Figures from the IND show that 1,814 Turks applied for asylum in the third quarter, compared to 250 in the previous quarter. Since 2018, more than 1,300 Turks annually have not applied for their first asylum, and in 2021 there will be more than 2,250. After Syrians and Afghans, Turks now make up the largest group of immigrants in the Netherlands.
“You see a compensatory effect for the corona period,” says Martijn van der Linden from Vluchtelingenwerk. More and more Turkish refugees are also arriving in France and Germany.”
Since 2016, when a coup attempt against Erdogan’s government was launched, the number of asylum applications submitted by Turks in the European Union has risen. The government sees supporters of Islamist cleric Fethullah Gulen as the mastermind behind the attempt. At first, Turkey persecuted people associated with the Gülen movement, but now more people are at risk. They also have something to really fear. “Their applications are granted in 98 percent of cases,” says van der Linden. “This is not about economic refugees.”
The Turks, whose passports were sometimes revoked, end up first in Ter Apel. Journalists, educators, human rights lawyers, and indeed anyone involved in civil society, are at risk of arrest. These are often highly educated. And any Kurdish person, even somewhat politically active, is also not safe.”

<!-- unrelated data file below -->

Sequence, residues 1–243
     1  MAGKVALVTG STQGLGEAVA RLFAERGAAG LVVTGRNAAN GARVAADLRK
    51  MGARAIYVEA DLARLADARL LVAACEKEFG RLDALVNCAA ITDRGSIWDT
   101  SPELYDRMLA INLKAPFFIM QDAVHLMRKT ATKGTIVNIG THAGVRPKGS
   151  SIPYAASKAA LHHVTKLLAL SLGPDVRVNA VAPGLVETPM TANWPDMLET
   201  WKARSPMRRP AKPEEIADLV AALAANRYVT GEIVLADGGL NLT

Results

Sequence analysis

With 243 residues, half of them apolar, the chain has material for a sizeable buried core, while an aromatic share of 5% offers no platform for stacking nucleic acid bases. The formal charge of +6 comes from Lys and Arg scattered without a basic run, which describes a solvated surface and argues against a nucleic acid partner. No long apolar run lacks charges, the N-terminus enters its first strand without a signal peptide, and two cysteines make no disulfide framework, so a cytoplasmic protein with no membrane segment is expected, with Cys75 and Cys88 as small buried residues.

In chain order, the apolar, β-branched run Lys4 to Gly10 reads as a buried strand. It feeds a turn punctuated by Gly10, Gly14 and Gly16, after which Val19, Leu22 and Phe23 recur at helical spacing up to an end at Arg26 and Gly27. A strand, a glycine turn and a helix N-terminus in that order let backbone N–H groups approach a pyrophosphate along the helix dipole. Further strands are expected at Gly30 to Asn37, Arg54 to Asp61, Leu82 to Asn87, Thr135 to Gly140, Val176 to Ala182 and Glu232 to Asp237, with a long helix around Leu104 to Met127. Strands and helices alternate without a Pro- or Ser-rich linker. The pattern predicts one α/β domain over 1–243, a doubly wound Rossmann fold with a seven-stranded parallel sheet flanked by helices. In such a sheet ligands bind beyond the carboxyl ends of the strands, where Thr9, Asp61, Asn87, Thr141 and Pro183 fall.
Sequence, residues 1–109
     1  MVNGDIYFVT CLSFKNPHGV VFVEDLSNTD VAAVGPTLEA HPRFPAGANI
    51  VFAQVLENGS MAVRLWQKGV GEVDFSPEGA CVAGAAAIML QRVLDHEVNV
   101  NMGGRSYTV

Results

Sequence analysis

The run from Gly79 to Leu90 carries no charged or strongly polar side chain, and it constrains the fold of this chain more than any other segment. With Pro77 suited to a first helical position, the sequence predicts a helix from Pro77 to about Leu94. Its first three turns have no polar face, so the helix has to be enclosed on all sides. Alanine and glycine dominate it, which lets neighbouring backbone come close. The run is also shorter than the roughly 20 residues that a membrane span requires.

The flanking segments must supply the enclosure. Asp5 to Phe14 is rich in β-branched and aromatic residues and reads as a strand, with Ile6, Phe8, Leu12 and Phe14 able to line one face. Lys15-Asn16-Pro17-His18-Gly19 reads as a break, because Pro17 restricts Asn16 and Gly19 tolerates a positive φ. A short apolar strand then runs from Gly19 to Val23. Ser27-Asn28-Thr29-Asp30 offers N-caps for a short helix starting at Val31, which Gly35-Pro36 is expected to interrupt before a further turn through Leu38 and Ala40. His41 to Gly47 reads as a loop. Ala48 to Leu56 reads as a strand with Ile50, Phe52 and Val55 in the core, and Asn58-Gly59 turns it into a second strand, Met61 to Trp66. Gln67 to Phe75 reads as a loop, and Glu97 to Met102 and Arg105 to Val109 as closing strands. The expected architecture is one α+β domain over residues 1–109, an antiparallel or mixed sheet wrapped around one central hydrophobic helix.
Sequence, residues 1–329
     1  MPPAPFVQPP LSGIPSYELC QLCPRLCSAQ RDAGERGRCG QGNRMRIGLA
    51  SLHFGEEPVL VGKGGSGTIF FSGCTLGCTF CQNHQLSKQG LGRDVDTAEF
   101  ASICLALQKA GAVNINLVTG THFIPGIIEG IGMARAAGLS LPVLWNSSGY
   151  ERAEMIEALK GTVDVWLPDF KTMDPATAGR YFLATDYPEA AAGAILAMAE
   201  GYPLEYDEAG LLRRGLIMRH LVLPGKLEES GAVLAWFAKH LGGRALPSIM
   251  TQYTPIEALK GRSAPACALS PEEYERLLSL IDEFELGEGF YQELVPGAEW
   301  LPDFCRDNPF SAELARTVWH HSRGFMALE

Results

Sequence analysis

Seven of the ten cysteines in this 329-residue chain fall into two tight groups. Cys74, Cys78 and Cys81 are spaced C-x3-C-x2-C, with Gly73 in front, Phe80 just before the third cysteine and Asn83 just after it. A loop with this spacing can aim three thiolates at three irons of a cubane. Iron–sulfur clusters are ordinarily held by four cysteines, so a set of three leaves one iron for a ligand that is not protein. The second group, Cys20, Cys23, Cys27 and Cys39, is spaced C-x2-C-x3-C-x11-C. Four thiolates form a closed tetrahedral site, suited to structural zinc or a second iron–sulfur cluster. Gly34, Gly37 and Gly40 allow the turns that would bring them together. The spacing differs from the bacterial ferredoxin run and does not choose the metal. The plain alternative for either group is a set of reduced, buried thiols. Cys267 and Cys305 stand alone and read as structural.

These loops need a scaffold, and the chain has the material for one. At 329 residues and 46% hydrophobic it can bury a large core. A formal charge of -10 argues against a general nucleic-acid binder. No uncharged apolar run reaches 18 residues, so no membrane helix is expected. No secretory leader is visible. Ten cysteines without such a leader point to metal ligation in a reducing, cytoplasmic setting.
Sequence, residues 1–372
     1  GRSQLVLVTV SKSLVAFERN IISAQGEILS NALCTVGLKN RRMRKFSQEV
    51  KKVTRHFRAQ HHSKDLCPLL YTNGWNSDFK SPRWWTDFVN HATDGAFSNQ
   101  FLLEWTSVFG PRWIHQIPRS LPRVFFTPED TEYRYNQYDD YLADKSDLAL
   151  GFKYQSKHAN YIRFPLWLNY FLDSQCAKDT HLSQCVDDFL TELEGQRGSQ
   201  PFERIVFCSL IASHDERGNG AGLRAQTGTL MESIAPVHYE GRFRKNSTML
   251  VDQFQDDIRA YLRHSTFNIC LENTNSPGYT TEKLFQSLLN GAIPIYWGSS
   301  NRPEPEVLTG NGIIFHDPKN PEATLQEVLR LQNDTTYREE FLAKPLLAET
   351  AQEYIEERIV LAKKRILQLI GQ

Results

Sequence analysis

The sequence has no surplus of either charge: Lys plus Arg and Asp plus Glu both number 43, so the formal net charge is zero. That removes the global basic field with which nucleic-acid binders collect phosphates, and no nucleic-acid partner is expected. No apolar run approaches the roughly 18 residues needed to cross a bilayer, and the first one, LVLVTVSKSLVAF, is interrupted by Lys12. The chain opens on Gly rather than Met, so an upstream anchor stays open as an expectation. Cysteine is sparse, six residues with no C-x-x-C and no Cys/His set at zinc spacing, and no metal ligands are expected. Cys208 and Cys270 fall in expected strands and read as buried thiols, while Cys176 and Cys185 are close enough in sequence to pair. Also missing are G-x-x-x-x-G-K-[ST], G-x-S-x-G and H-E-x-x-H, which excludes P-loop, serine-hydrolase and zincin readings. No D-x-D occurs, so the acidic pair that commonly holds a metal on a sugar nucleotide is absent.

Since this summer, Turkish asylum seekers, such as new arrivals from Morocco, South Africa or India, have had to go through an integration process. They have to learn the language and participate in society through work, training or volunteer work. Until May 1, the Turks were not obligated to do so.
However, most of the Turks in Holland did not come here because of asylum, but because of family reunification. Moreover, a growing group of Turks come here to work and study for several years now. This distinguishes the Turks from the Moroccans or the Surinamese, for whom the emigration of highly skilled people does not constitute a motive for coming to Holland.
In Osman Kavala, Erdogan sees a kind of Turkish George Soros
About the Turkish businessman Usman Kavala An international diplomatic row erupted. Who is he and why does Erdogan consider him so dangerous?
“Infuriatingly humble social media buff. Twitter advocate. Writer. Internet nerd.”